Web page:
The Hebronization of Jaffa

The recent incidents in Jaffa position Jewish settlers as victims in need of protection, reminiscent of the process spearheaded by settlers in Hebron

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Rabbi Mali leaving his yeshiva in Jaffa, the day after the riots last month.
Rabbi Eliyahu Mali, left, leaving his yeshiva in Jaffa, the day after the riots last month.Credit: Ilan Assayag
Daniel Monterescu
Yael Shmaryahu-Yeshurun

The violent incident in Jaffa last month in which two Arab youths from the Amidar housing projects assaulted the head of the Shirat Moshe Yeshiva was a watershed moment in Jewish-Arab relations in the city.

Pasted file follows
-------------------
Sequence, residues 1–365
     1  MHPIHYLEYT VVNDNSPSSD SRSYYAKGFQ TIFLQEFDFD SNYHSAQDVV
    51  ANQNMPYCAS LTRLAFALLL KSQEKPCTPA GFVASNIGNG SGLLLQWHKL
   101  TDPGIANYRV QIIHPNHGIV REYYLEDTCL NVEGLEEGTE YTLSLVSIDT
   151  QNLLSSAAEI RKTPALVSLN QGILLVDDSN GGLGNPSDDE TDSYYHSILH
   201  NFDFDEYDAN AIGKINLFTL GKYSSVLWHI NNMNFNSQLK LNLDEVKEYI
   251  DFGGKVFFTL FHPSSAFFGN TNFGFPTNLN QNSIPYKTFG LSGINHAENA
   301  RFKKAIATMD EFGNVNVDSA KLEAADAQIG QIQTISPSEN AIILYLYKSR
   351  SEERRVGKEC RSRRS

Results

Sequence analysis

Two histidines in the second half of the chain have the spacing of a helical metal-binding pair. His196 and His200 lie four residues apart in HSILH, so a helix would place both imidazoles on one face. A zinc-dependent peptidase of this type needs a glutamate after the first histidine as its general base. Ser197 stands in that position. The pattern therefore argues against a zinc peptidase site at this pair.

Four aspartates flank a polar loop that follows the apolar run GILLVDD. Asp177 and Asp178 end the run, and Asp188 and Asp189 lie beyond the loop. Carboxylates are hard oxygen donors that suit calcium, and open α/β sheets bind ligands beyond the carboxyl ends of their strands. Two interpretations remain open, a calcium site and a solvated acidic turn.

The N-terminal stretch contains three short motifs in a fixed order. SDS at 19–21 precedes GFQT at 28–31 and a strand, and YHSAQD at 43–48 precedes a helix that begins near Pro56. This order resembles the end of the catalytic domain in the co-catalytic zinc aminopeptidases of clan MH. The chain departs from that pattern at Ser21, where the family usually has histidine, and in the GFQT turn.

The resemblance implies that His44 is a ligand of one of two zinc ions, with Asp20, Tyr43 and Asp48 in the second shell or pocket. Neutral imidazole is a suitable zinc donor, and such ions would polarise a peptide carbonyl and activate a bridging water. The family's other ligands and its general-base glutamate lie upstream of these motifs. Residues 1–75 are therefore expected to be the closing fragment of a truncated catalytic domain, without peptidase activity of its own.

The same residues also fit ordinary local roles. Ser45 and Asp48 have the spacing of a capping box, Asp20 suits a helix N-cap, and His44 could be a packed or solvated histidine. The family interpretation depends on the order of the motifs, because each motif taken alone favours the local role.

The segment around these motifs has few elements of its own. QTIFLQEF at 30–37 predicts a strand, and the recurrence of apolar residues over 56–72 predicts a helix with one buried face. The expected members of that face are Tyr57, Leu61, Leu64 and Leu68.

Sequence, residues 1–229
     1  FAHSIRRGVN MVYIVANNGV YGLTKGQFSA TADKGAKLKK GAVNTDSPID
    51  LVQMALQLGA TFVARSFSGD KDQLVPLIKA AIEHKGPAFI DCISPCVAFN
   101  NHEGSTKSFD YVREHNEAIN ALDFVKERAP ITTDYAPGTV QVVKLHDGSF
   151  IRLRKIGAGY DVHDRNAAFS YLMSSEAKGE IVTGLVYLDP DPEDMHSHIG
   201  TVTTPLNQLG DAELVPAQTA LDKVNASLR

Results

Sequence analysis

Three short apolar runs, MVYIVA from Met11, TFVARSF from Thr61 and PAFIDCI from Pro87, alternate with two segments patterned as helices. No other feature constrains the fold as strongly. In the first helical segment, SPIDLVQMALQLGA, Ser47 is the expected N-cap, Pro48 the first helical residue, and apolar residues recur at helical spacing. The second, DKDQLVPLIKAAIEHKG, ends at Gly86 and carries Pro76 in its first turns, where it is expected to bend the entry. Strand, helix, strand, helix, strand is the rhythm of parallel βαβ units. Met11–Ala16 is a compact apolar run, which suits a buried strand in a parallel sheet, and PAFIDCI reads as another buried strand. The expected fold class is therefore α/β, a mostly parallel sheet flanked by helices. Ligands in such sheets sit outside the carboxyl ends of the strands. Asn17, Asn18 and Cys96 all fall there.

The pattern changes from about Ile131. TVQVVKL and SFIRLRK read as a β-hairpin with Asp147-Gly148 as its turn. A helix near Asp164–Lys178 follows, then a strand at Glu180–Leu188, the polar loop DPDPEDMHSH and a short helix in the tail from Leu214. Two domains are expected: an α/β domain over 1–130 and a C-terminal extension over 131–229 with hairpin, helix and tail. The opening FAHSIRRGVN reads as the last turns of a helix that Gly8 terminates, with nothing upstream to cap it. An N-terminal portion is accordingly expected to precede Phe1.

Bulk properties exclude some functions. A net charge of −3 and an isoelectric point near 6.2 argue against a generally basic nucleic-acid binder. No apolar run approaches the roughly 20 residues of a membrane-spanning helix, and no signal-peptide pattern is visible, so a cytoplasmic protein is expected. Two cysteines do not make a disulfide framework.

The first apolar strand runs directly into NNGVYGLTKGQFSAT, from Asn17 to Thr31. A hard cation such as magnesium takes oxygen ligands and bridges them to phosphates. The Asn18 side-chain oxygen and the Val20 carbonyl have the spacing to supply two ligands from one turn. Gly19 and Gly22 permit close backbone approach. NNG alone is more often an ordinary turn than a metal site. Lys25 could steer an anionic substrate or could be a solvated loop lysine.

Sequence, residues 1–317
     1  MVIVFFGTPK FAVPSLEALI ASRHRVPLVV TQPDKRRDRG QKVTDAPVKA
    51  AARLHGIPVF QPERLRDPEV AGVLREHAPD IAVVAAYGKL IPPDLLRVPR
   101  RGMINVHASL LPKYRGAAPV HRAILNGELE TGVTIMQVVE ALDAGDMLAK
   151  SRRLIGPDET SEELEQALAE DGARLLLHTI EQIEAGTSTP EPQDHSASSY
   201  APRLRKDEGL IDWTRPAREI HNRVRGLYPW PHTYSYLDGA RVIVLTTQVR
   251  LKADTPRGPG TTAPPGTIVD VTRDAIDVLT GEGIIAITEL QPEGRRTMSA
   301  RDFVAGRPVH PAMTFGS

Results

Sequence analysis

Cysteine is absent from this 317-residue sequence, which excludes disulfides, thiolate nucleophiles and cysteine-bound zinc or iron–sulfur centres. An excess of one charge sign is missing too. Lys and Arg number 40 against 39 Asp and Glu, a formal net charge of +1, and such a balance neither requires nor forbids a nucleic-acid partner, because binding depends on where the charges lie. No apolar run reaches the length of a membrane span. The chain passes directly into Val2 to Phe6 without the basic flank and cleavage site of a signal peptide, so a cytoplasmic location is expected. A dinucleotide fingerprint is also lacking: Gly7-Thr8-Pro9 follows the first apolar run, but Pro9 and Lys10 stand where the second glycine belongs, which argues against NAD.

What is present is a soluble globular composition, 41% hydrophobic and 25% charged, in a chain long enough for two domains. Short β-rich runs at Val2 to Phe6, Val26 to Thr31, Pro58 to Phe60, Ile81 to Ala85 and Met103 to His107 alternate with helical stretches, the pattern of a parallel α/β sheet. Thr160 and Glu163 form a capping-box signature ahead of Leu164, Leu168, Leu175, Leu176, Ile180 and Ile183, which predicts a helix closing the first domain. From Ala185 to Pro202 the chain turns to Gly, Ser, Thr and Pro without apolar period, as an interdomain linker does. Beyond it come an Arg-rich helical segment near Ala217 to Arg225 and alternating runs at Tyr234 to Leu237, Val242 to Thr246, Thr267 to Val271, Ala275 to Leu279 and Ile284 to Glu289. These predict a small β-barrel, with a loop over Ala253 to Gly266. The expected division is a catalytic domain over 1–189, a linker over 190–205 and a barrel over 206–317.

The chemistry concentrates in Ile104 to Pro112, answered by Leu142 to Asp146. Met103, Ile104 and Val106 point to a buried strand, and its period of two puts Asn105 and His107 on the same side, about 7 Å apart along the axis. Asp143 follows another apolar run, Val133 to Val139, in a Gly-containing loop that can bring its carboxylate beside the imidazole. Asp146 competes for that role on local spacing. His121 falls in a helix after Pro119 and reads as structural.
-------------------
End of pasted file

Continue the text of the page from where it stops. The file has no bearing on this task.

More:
Since the national-religious settlement effort began in Jaffa in 2008, a host of institutions – including Shirat Moshe, the Gar’in Torani group, the Me’irim Be’yafo development organization, pre-military academies, a Bnei Akiva student village, religious seminaries for women and more – have systematically been built there. While in the past this community grew slowly, the recent violent incident there has redefined the rules of the game. The incident essentially constituted the first clash in the public arena between two parallel processes that Jaffa is undergoing: class-based gentrification and expansion of the Jewish presence there.

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